U.S. flag

An official website of the United States government

Dot gov

The .gov means it's official.
Federal government websites often end in .gov or .mil. Before sharing sensitive information, make sure you're on a federal government site.


The site is secure.
The https:// ensures that you are connecting to the official website and that any information you provide is encrypted and transmitted securely.

Department of Health and Human Services

Office of Inspector General -- AUDIT

"Review of North Carolina State Medicaid Agency Disproportionate Share Hospital Payments for Fiscal Years 1997 to 2001," (A-04-01-00003)

April 30, 2003

Complete Text of Report is available in PDF format (663 kb). Copies can also be obtained by contacting the Office of Public Affairs at 202-619-1343.


The objectives of this review were to verify that disproportionate share hospital (DSH) payments in North Carolina were calculated in accordance with the approved State Plan Amendments (SPA) and to verify that payments to individual hospitals did not exceed the limits imposed by the Omnibus Budget Reconciliation Act (OBRA) of 1993.  Our review also included an evaluation of how the North Carolina Medicaid agency’s (state agency) use of DSH payments and intergovernmental transfers (IGTs) impacted the Medicaid program.  The state agency makes its DSH payments to hospitals based on cost estimates.  We found that the state agency was broadly within the framework of the SPAs by following this methodology.  However, the SPAs state that the estimated payments will be adjusted to actual costs based on completed cost reports.  At the time of our review, the state agency had not adjusted the estimated fiscal year (FY) 1997 DSH payments to actual costs.  As a result, we could not determine if the state agency’s DSH payments were made in accordance with OBRA 1993 limits.  Consequently, we have no assurance as to the propriety of federal funds expended during the audit period.  We anticipate conducting a follow-up audit in this area once the state agency completes its final settlement of the DSH payments.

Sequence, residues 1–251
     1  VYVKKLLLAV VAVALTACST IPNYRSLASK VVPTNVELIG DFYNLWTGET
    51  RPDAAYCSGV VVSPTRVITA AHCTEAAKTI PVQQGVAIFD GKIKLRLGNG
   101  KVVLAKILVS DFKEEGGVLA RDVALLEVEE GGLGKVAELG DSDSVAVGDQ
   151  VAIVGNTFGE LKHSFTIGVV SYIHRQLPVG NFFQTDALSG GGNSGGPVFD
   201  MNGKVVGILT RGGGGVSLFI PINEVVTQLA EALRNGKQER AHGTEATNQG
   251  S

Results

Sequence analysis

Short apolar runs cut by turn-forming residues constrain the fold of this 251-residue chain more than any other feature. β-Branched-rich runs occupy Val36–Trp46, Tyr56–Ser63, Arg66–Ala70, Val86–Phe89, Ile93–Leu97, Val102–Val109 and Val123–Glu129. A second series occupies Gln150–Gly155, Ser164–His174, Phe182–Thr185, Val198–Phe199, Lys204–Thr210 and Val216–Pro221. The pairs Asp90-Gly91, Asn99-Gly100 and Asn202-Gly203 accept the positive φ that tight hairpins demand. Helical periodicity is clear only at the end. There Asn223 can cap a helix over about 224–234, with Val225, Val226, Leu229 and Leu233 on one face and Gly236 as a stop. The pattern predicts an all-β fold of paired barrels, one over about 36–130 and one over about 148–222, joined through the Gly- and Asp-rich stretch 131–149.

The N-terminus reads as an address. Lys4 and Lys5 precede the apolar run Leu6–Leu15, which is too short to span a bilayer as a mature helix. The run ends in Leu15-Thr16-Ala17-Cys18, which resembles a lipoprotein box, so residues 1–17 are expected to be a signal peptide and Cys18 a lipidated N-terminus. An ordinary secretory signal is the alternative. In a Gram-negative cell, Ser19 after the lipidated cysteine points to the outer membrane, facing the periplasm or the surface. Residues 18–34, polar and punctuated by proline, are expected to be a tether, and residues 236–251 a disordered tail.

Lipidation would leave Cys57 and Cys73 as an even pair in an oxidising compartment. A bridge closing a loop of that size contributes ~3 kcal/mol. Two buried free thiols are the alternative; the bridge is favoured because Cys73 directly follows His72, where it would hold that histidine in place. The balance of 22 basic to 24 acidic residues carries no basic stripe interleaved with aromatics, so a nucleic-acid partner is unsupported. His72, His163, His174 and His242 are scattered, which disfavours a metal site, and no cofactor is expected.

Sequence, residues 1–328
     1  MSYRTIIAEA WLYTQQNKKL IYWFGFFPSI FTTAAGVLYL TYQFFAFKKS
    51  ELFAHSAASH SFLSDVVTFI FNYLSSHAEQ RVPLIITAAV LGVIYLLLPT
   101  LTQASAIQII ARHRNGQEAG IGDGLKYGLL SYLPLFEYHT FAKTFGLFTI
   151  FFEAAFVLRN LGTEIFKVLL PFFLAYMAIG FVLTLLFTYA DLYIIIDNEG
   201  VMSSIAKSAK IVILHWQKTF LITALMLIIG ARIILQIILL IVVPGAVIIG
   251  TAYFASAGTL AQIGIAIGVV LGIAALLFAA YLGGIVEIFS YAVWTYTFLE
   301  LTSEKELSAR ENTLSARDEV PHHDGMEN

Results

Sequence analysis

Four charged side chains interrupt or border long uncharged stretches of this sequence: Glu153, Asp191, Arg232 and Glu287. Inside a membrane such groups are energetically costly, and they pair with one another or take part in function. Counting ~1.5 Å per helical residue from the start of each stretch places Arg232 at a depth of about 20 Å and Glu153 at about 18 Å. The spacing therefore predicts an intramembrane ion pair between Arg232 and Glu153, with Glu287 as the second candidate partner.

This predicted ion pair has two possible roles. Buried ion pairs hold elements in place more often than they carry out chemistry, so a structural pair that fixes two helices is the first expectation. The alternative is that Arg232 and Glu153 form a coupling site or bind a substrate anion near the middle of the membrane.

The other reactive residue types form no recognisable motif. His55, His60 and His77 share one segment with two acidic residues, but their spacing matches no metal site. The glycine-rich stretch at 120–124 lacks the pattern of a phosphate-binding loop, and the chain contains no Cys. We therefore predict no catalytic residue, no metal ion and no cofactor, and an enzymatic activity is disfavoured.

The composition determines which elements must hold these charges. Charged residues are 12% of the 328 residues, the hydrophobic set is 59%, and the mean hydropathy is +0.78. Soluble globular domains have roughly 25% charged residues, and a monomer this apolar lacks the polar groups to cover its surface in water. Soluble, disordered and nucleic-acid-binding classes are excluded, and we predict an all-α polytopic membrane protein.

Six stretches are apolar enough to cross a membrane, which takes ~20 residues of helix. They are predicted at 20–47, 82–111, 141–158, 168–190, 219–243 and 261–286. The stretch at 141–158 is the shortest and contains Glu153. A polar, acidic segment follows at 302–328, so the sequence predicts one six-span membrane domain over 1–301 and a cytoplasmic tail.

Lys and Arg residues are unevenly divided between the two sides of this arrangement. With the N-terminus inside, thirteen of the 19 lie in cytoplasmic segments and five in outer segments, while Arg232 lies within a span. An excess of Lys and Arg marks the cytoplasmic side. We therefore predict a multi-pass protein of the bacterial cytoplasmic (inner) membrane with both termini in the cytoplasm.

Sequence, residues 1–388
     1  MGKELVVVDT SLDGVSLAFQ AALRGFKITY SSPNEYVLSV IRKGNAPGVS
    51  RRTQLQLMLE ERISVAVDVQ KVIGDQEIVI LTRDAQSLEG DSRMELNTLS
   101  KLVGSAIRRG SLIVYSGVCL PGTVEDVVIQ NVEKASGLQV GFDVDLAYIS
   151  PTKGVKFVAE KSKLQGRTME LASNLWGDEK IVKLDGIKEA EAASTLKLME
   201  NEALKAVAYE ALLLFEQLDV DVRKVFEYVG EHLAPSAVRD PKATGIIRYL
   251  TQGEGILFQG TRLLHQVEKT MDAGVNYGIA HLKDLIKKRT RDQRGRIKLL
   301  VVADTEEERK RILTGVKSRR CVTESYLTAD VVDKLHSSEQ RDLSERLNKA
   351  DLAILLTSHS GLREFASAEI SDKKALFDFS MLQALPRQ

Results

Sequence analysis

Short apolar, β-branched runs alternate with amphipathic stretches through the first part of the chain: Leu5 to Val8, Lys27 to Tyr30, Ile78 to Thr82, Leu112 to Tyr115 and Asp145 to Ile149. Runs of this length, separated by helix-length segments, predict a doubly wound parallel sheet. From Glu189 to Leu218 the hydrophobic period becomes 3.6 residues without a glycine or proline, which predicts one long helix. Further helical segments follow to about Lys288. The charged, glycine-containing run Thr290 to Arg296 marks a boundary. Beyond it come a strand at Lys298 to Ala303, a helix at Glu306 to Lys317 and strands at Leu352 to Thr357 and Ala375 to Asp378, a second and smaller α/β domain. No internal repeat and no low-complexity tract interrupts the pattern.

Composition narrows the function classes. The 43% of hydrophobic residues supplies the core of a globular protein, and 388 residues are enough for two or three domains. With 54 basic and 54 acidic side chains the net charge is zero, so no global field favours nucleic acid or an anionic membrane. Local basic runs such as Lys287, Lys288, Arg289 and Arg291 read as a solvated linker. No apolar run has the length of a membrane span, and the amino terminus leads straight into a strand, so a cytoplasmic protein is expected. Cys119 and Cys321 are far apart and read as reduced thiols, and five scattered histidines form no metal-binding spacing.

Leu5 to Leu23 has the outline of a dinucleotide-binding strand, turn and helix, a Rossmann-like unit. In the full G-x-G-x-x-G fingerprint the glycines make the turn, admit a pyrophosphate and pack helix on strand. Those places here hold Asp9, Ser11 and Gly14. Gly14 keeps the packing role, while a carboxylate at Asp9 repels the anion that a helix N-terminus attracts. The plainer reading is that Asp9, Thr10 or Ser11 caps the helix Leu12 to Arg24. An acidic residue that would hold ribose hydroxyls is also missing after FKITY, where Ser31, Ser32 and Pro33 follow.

We also found that a large majority of the payments to hospitals are transferred back to the state agency via IGTs.  For FY’s 1996 through 2001, the state agency made DSH payments to non-state public hospitals totaling approximately $900 million of which approximately $826 million ($522 million federal share) was sent back to the state agency and deposited into a trust fund to be used to match future federal draw downs.  For state-owned hospitals, during the same time period, DSH payments totaled approximately $825 million of which approximately $821 million was sent back to the state agency.  Upon receipt of the IGT amount, the state agency immediately transferred the federal share (approximately $521 million) to the Department of the State Treasurer where it was deposited into the state’s general fund.  The state legislature used its discretion to budget these funds.

In a written response to our draft report, the state agency acknowledged that several significant problems relating to DSH payments had surfaced.  Efforts are being made to correct the problems and to settle the 1997 cost reports.  The state agency is in the process of reorganizing in an effort to assure the integrity of financial information and operations.